The Journal News from Hamilton, Ohio on July 15, 1975 · Page 11
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The Journal News from Hamilton, Ohio · Page 11

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Hamilton, Ohio
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Tuesday, July 15, 1975
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Page 11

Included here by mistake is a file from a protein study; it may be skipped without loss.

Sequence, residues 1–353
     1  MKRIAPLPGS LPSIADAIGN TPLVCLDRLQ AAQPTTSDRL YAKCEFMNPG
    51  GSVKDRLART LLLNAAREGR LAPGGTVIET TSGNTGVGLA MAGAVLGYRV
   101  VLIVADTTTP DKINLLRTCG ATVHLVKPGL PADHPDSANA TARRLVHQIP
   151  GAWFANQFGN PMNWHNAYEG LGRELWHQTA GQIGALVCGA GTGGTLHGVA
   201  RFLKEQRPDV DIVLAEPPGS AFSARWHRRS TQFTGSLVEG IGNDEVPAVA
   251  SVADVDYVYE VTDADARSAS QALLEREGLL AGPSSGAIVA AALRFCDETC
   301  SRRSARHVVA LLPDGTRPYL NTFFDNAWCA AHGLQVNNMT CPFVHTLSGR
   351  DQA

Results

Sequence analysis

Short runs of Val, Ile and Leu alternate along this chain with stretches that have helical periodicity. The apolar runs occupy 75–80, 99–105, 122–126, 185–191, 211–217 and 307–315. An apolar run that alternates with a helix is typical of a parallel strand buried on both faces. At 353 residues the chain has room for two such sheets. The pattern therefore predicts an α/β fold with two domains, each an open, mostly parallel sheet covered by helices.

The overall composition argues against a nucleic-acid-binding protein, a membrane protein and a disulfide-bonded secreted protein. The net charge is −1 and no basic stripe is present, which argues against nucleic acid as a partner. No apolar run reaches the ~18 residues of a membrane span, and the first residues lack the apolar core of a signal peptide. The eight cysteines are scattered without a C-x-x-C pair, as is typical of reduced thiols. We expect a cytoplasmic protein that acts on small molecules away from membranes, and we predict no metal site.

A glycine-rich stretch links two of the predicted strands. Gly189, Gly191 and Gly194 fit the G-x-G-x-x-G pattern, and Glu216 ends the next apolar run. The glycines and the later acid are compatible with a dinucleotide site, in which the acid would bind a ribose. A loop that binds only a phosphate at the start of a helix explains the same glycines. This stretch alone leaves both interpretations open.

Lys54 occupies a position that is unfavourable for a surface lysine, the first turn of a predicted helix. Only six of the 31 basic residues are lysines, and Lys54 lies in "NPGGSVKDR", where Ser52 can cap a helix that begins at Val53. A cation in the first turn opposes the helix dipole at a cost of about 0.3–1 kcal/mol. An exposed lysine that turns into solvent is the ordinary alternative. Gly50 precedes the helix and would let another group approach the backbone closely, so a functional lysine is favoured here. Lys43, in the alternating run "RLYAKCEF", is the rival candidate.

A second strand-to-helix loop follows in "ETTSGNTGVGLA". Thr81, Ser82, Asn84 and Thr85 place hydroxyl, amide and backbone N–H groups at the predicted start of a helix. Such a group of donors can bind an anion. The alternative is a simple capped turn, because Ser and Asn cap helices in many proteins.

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Hamilton Branch, Miami U ·5 § Williams Avenue Avenue f airfield City Building Saturday night Fort Hamilton Days parade route set Tuesday, July is, 1975 Journal-N'tm. Hamilton. Ohio The torchlight parade which officially opens the Fort Hamilton Days celebration will begin Saturday night at 9 p.m. at the Fairfield City Building. Jim Schmitt, chairman of the parade for the Lindenwald Kiwanis Club, has announced the following route for the parade: After forming at the Fairfield City Building, the parade will travel north on Pleasant Ave. to St. Clair Ave.; left on St. Clair to River Road; right on River Road to Williams Ave.; right on Williams Ave. to Peck Blvd.; left on Peck Blvd. to the Hamilton Campus of Miami University. Disassembly and awards will be in the Miami University parking lot, followed by the annual opening night fireworks display. Parade viewers may park at Miami University and walk over to (he river banks to view the fireworks, which will be set off from near the west end of the High St. bridge. Schmitt is still accepting participants for the parade. Any group interested in joining the 2.9 mile parade route should contact Schmitt as soon as possible at 863-8200 (The Journal-News). Parade formation will bo between 8 and 8:30 p.m. at the Fairfield City Building. Schmitt warned parade participants that there are some low- hanging branches on River Road, just after the turn off of St. Clair Ave. Participants who have high floats, should make some preparation to avoid those trees. County lets contracts on office building By MIKE GRAHAM Journal-News Writer Butler County Commissioners Monday afternoon officially awarded contracts for construction of the new county administrative center and announced that groundbreaking ceremonies for the building will probably be held this month. Construction awards, totaling over $2.4 million, were made following official transfer of the land deed on property located at the corner of Front and High Streets. The building will be constructed on the front portion of the Elder- Beerman parking lot. Transfer of the deed was conducted through the City of Hamiiton to the county from the Beerman Foundation. Contracts awarded include: general construction -- A. Benzing and Sons, Inc. of Hamilton ($1,505,533); Plumbing -- Climate Control and Service, Inc. of H a m i l t o n ( $ 1 1 4 , 5 2 3 ) ; Heating, Ventilating, and Air Conditioning -- Midwest Heating, and Air Conditioning of Cincinnati ($456,318). Electric -- Bonbright Electric Co. of Fairfield ($257,352); and Elevators-Dover Elevator Co. of Cincinnati ($92,704). The fire protection contract and the contract for a sound system were not awarded Monday. Commissioners withheld the awards until the county can discuss those areas with the city department of construction services. Little Pro players needed Lack of interest could end youth grid program By BOB WALKER Managing Editor Little Pro Football Hamilton is in trouble. The program, sponsored m Union negotiator surprised 1 at vote Mosler strike in second day by the Evening Optimist Club of Hamilton, has reached the point where it may have to be discontinued due to a lack of interest among parents and other adults. For more than 20 years the program has offered the league this year. Ideally the coaches should have a good knowledge of football--both f u n d a m e n t a l s a n d strategy--but just as importantly the coaches must be able to work with youngsters. The basic purposes of opportunity for boys be- Little Pro Foo'tball are to tween 10 and 13 years old teach boys the fun- to play football against da mentals of football and to By M I K E G R A H A M Journal-News Writer Shop and m a i n t e n a n c e workers of Hamilton's Mosler Safe Co. today entered the second day of what company officials and union committeemen are ad- milling may be a long strike. fn a meeting of union membership Sunday, the workers rejected the company's new three-year contract offer by a vote of 340 -- 196. The strike began Monday at 10 a.m. Richard Dyer, director of labor relations for Mosler, said this morning that a few pickets are at each of the shop entrances. "It's quiet," he said. A tentative agreement on settlement of the contract was reportedly reached last week before Sunday's ratification vote. Chairman of the union 'Superstar' contest set on Fafrf/e/d playgrounds By TOM GRANT Fairfield Editor Softball throw, standing broad jump and a basketball free ihrow contest. Fisher Body Division Hamilton Plant will donate first second and third place trophies to the contestants receiving the highest F A I R F I E L D -- F i s h e r Body Division General Motors and the Fairfield Recreation Department will sponsor a "Superstar .._ Contest" as part of the Third combined" score on Annual Fort Hamiiton Days events at each of the parks- celebration. Winton Hills, Water Works, The contest will be at Good Neighbors, Lions, Fairfield parks and West School and South' .playgrounds Wednesday, School. July 23, according to Joe All participants in the Weldon, director for parks contest will receive a cer- and recreation for the City tificate for an order of of Fairfield. french fries redeemable at Events in the contest Bill Kang's Burger King include: 50 yard dash, Restaurant, 4425 Dixie Hwy. shop and negotiating committee, Bill Roark", today said he thought the agreement was satisfactory but the "union membership surprised me." Both Roark and Wendell Murray, president of United Auto Workers Local 1862 (employees bargaining representative), recommended the wage package to the membership. Roark indicated that the five other members of the n e g o t i a t i n g c o m m i t t e e recommended rejection of the pact. "The UAW recommended it," said Roark, explaining that UAW service representative Ron Mason and assistant regional director Jim Ogden favored the contract proposal. "Personally, I think we're in for a long strike. In viewing the total package, I think the company went about as far as it could go." Roark said the prime objection to the wage pact was the company's refusal to eliminate the cap on the cost of living pay increase. The negotiating committee chairman revealed some of the details in the company's contract offer, which included a 45-cent hourly pay hike across the board for the first year. Company officials also agreed to retroactive demands of the union negotiating committee, granting the wage increases back to March 5, expiration dale of the latest contract. Also included in the wage proposal was a guaranteed 30-cent cost of living increase, with six-cent increments every six months; a 20-cent hourly wage increase the second year and 30-cent the third; and additional life insurance and pension benefits. "We've got a helluva package out there," said labor relations director Dyer. "There's no more money. And for that reason, ! can't foresee any meetings right now." A meeting of the strike committee is being held today to discuss strike systems, said Roark. play football against other youngsters (heir size under controlled conditions. The Evening Optimist Club has provided the best equipment available for each youngster in the program and there have been less than a handful of serious injuries since the league began. While the program is extremely expensive to operate, the current problems are not money problems. The problem is manpower. Manpower is needed to provide coaching for the youngsters, but also needed are adults who can contribute time and energy toward saving the program. P. H. Bud Dudley, a charter member of the Evening Optimist Club and a Little Pro League official since the league began, says that the most urgent need is for coaches. Three coaches are needed to handle teams in the introduce them to competitive athletics under a controlled atmosphere. The Optimist Club has emphasized good sportsmanship and healthy competition from the beginning in operating the Little Pro program. The Optimist Club will meet Thursday night at Waldo's on Hamilton-Cleves Road, according to Dudley. Purpose of the meeting is to decide the future of Little Pro Football. Dudley has asked anyone who is interested in serving as a coach or otherwise working with the League is urged to attend. All Evening Optimist Club meetings include dinner at $2.50 per person, but the dinner is not mandatory. Anyone interested in helping with Ihe program but unable to attend Ihe Thursday meeting should call Dudley at 895-5588 for more information. Bicycle Tour slated Sunday during Fort Hamilton Days Historic homes four tickets on sale now The Fort Hamilton Days Columbus, Lexington, Ky 50-100 Mile Bicycle Tour will Marion, Ind., and other be held Sunday under the " · sponsorship of the Great Miami Bicycle Club. Roy Kidd and Bob Cawein of the club are co-chairmen of the second annual tour, according to Tony Carito, president of the club. "Out-ot-slate applications outnumber local" "rider by two to one," Canto said in announcing details of the distant points. The tour will begin at 7 a.m. Sunday from the Hamilton Sports Arena, Peck Blvd. Kidd and Cawein said the tour will follow this route: From the arena north to the Columbia Bridge, north onBSt. through Hamilton to New Miami. Then through Trenton, Miltonville, wagon" also will accompany the riders. Registration fee is $4.50. The club also will participate in the Fort Hamilton Days parade Saturday night, Carito said. Tickets for the Rossville Historic District tour of homes Sunday are available at four locations in Hamilton and Fairfield. Tickets may be purchased at the Gift Corner, Main and D Sts.; the Marimid Gift Shop, Main and F Sts.; the Journal-News office at Court St. and Journal Squarein Hamilton; and the Journal-News office at 5100 Pleasant Ave. in Fairfield. Mrs. Jeanne Fisher, chairman of the tour, said eight buildings will be open Sunday from 2 to 5 p.m. as part of the Fort Hamilton Days observance. The tickets, priced at $2,50 per person, will admit visitors to: The Reed House at 341 S. D St.. formerly the Hossfeld house. The Spurgeon Foust Barndt house at 306 Ross Ave., a row house near D St. The Webb Funeral Home at S. D and Ross Ave.; formerly the Sohngen mansion. The Matthew Hueston house at 223 Ross Ave., now occupied by the Webb family. The Skinner house at 228 Ross Ave., built in the 1830s. The New Image Beauty Salon, 342 South B St., an example of how an old house can be adapted. The First United Church of Christ, also at the comer of S. D St. and Ross Ave. Also on the tour will be the Henry Long Senior Citizen Apartments at Ross Ave. and South B St. where a typical apartment and other features will be shown. No ticket purchase will be necessary to tour the senior citizen building, according to J. Ross Hunt, executive director of the Butler Metropolitan Housing Authority. In addition to (he walking tour, buses will be available to transport persons around the Rossville Historic District, Mrs. Fisher said. tour. He said entries have Jacksonburg, Seven Mile! been received from Darrtown, Oxford, Reily C l e v e l a n d , A k r o n , Okeana, Shandon a n d Car door opens; child falls to street Shellenia Dean, 3, 765 Park Ave., was hurl about 1 p.m., Monday when the door of a car in which she was a passenger flew open, throwing her to the pavement at East and Maple Aves. Police said Michelle Reasch, 19, same address, was the driver of the car. She took the child to B'ort Hamilton Hughes Hospital for treatment. Millville. Ride applications may be obtained by contacting Lou Hill, 819 Main St., Hamilton, Ohio 45013, phone 863-6851, or by writing to the Great Miami Bicycle Club, P. 0. Box 684, Hamilton, Ohio 45012. Registration will open at 6 p.m. Saturday and continue until 10 p.m. at the arena. Registration will resume at 6 a.m. Sunday at starting point. Participants may cover either 50 or 100 miles. Assistance along the route will be providca by local police departments and the American Red Cross. A catering truck and a "sag Teen pool party set Wednesday A Teen Night pool party will be sponsored Wednesday at Lindenwald Pool, instead of North End Pool, by the Hamilton Department of Parks and Recreation. Until now the youth act i v i t y alternated weekly between the North End facility and the Hamilton Sports Arena, across from the the Hamilton Campus of Miami University. Admission to the pool party is $1. Free bus transportation will be provided. For bus schedules or other Teen Night information, phone the sports arena at 895-2168. got a minute? by Bill MCDultn Jerry Woodrey, 133 Gregory Lane, has been awarded a plaque by Cincinnati Bell for bein' one of the leaders in a recent Touch-Tone Sales drive. Kichard T, Dugan, Cincinnati Bell president, made the awards and Jerry's photo was published in Telcnews. That's from whence I "stole" the item. Soooo, today's Three "G" Award --Good Going Gal --goes to Madonna Woodrey, Jerry's wife, 'cause we all know, behind every successful man there's a good gal! Ability is of little account without opportunity. -Napoleon Bonaparte. REMEMBER WHEN: Harriet and Russell A. Z«ller lived at 546 Main St.?. . . Smalley and Anna Drake lived at 504 Main St.? . . . Mrs. Mike Hubbard was Linda Liltle?...Louis Gricsinger was a storekeeper at Herring-Hall-Marvin?. . .I)r~. Wilmer E. Griffith operated his office at 324 N. Third St.? . . , Bonnie Keith was a student nurse at Mercy Hospital?, . . George F. Lamb taught at Roosevelt Junior High? ... Eva M. Lancaster taught at Madison School? . . .Ray Milders was the featured singer at Milder's Inn? Little Bird said, "Here's a couple birthdays for you. Mrs. Mary Jane Howard, formerly of 207 Warwick Ave., who now lives in Pasadena, Texas, will be 90 Thursday, July 17. Mary Jane flew to Hamilton to visit relatives and letters will reach her at the home of a son, George Quincy, 1217 N. B St., Hamilton, Ohio, "And, Louis Reiter, 615 Millville Ave., will be 88 on Friday, July 18. Can you get 'em some cards?" "I'd sure like to try,: try,'" I replied, turnin' to shout: "Happy birthday Mary Jane Howard and Louis Reiter! And, many, many more!!" Our blunders mostly come from letting our wishes interpret our duties. -- George Massey. LATE FLASH!! Bulletin!! The deadline for registerin' for the Mid-Town Optimist Club's soccer program is next Monday, July 21. Boys and girls, ages 6 thru 17, can pick up registration blanks at either McDonald's Hamburger location. Fill 'em out, and mail 'em in. The season starts Sept. 6. Soooo, don't be left out!!! EYESCONTEST Yep, you heard correctly. GAM is sponsor!n' an "eyes" contest this year as part of the Fort Hamilton Days celebration. We are seekin' to find the people with the happiest, most beautiful or saddest eyes in The Golden Triangle. Everyone livin' in this area is eligible to be a candidate. By that, 1 mean, everyone--men, women and children! The selections will be made from photographs which you HAVE TO SEND to us before 10 a.m. Monday, July 21. The winners will be announced at 7:30 p.m. Tuesday, July 22, at the Butler County Courthouse. And, we will return all photographs submitted to us. Soooo, send'em in. Photos of your wife, your hubby, your girl friend, or boy friend, your son or daughter, grandson or granddaughter, favorite aunt or uncle, etc., etc. MAIL photos to: GAM, Journal-News, Court Si. Journal Square, Hamilton, Ohio, 45012. After signing her name, one of our Camden readers, wrote: "Please do not use my name," so we won't. She writes: "Happened to come across this little verse which is certainly needed in this day and age. Thought you might use it in your GAM Column, that I enjoy reading. "Don't spoil your child "By sparing the rod, "But chasten with love "And lead him to God. "Everything in the modern home is controlled by switches except the children." Many of you wil! recall we shared with you previously, poems written by Heather Wilkins, 5244 Banker Drive, Fairfield. Well, Heather also jots down her thoughts in prose. Here's an example: TREASURED MOMENTS "Treasure each moment spent with a loved one. Lock these times within your heart. Tomorrow you may be alone -- Alone with treasured moments." GAM has not ignored you!!! I write that, 'cause here of late, it seems more and more mail is comin' in late. You folk apparently are waitin' until the "very last minute" to send information in about birthdays, anniversaries or other events. This last week, four letters came in for events which took place before the letters arrived on GAM's desk, here at the Journal-News. PLEASE try and mail your information, to GAM at least a week in advance!! Now, here's one, from a dear friend, that arrived with time to spare. Mrs. Fran Ulreich sez the German Festival of the Liberty Home Association will be held from noon until 6 p.m. Sunday, July 20, with hot lunches--that great German cookin' -- the feature of the day! All kinds of entertainment, loo. That's at the Association's home, Hamilton-Clevcs Road. Who put this on my desk? Fat people should rest against objecls in a standing position; this will make them lean. A Reader, who didn't sign a name, writes to ask: "Do you remember grandma, and her tub; with her washboard, and how she'd rub; hang out her wash in the sun, and actually thought it was fun? I wonder what she'd think today, if she was watching on TV, and saw the way they wash their clothes . . . in less than three seconds flat?" CORRECTION IN THE PLYMOUTH, INDIANA, PILOT-NEWS: "Mrs. Rebecca Robinson, 99, recites poetry as a hobby. One of her favorites is 'There Are no Sects In Heaven,' not 'There is No Sex In Heaven' as staled incorrectly in the Wednesday edition of the Pilot-News." SIGN ON THE BACK of a tractor-trailer: Wherever the place, Whatever the time, Every lane moves But the one where I'm. WHICH REMINDS ME of the Golden Oldie, of the couple trapped in their car in bumper-lo-bumper traffic, and shesez: "I told you It was too nice a day to go to the beach!" J HEADLINE IN Canton, Ohio, Repository: "Key witness takes fifth in liquor probe."